44. Tireflips. This doesn’t have any specific carry over but the field I would sprint at also had a 500lb tire used by the high school football team. I couldn’t help, but flip it in between sets.
45. Don’t get injured. If you tweak something be smart. End your routine or move onto something that won’t aggravate whatever you hurt. Since I had just injured my back this would come up quite often. More often than not I would end the session, go home, take 6 ibuprofen (I am not endorsing you do this) and hope it clears up for the next day’s session.
If you have read my other posts, you will know that I was (and currently still are) actively trying to get out of debt and stay out. Costs were a big consideration for most of my decisions. Either I had it already or I had to make a cost-benefit analysis and make a decision.
46. Shoes. Shoes are the most important piece. I had gotten these prior to the Ultra Beast. It’s hard to figure out what shoes to get beyond recommendations. It’s not as though you can try them out before buying. I went with the industry standard; Salomon Speedcross 3. I’m very happy with my decision. the only thing I had to tweak was that I used shoe glue to keep the insoles from sliding and bunching up during the violent downhills.
47. Socks. These need to be compression and cover your calf to protect it from the Tyrolean Traverse. I was really annoyed by the cost of the socks. I went with Blitzu. They worked for the Ultra Beast, but did not have the durability to last another race and I had to throw them out.
48. Shorts. This was one of the items I saved money on. I used regular old Nike Dri Fit (the kind without pockets) they are my favorite shorts and I used them for everything.
49. Leggings. Compression leggings help with stamina, but I didn’t want to spend much. I found a great deal on Nike Pro HyperCompression Vapor Power 3 Men’s Tights and was very happy with the results. Trying to get these off after the race was extremely difficult.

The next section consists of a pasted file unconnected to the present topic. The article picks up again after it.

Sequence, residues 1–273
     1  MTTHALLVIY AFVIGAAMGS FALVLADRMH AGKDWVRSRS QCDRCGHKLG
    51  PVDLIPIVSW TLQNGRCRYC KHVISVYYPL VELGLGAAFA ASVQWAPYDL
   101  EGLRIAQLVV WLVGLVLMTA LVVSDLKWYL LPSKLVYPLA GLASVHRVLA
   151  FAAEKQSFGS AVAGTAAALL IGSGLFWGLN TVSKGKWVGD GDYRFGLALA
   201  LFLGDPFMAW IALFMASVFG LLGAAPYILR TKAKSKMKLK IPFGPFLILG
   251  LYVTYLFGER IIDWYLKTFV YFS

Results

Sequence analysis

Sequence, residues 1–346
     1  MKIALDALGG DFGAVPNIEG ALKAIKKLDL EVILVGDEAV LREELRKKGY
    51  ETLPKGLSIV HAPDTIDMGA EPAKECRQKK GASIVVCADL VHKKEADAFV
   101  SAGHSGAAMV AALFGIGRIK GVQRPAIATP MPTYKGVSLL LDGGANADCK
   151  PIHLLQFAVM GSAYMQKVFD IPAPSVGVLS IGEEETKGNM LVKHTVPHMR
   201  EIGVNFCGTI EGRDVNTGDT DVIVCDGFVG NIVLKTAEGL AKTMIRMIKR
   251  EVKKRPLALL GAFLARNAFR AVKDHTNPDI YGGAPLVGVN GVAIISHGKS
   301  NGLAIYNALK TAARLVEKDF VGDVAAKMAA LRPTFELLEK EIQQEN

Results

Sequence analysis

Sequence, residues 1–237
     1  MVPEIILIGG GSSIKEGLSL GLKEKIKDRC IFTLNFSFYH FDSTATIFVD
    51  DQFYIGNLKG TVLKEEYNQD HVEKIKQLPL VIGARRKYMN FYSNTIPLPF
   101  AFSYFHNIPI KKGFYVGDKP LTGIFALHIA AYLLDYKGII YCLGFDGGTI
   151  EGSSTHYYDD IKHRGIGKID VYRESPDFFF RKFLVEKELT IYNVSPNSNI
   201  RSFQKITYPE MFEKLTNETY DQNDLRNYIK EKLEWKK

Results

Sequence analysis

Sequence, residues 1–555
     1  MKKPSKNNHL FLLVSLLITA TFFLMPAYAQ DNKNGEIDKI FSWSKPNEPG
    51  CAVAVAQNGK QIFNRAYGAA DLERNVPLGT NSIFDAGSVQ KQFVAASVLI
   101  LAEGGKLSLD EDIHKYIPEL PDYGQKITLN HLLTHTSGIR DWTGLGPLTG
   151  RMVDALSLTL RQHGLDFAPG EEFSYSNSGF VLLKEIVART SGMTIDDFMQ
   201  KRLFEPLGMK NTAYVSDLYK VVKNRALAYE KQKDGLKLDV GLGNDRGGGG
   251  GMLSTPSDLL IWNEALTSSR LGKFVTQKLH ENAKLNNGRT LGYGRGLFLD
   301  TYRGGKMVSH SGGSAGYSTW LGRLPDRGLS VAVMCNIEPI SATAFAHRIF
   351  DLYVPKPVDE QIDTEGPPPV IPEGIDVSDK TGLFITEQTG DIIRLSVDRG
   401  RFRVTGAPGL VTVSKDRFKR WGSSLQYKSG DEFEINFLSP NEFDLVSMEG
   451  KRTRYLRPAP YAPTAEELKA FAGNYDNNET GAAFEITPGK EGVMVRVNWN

50. Base Layer. Stuck with what I had: Nike Pro Cool Compression Shorts and Nike Pro Combat Base Layer training Shirt. The shirt was compressed in a way that pulled my shoulders back and gave me really good posture.
51. Gloves. Mechanix M-Pact. I like these a lot, but didn’t try to use them on all the obstacles. I think the rope climb and anything that involves metal piping is best to use a b
are hand. Loaded carries and sled drags are when they shine. When not using them, the velcro wrist strap can attach the glove to your…
52. Spi Belt. Less obtrusive than a fanny pack, this belt is great. I shoved everything I took with me into it. It was a little taxing for the plastic snap on the front of it. I had lost one during the Super I raced the year before so I used a small metal carabiner to attach it.
53. Glow Sticks & Headlamp. Yes you will need them. Keep them in your drop box. The last 1 1/2 I raced it was dark. Do you really want to get kicked off for a stupid reason like this? They are extremely cheap on Amazon anyway.
54. S-Caps. I’m very happy I found these in another article. Minimized the amount of electrolytes that I had to drink or eat and took up very little space in my belt.
55. Justin’s Peanut Butter Packets. Being on the ketogenic diet I wanted something with a fair amount of fat since my body was used to it. Trying to eat peanut butter without water was a pain in the ass though.
56. Hammer Gels. I liked the taste and they went down smoothly, but Hammer Gels only had around 80 calories and that simply wasn’t enough as the race went on.
Race Day Simulation
An important component of my training was a race day simulation. Since my training was unorthodox I needed to make sure what I was doing would in fact carry me to finishing the Spartan Ultra Beast. About a month away from race day, I planned my simulation.
57. Outside. You have to face the elements. There is only so much you can do inside. Everything changes a little bit from temperature to breathing.
58. Distance. I ran/hiked about 13 miles. I think this is the right amount of distance for this trial. Most of it was flat land, but I tried to superimpose…
59. Hills. by using a weighted vest the entire time. I ran to my gym from my house and at my gym I got on the stair mill.
60. Time. You want to do this workout extremely early. It will take a lot of time if done right so you want it to interfere with family stuff as little as possible. Also your heat will probably start between 6:00am-6:30am.
61. Clothing. Wear the exact same clothing that you will wear race day.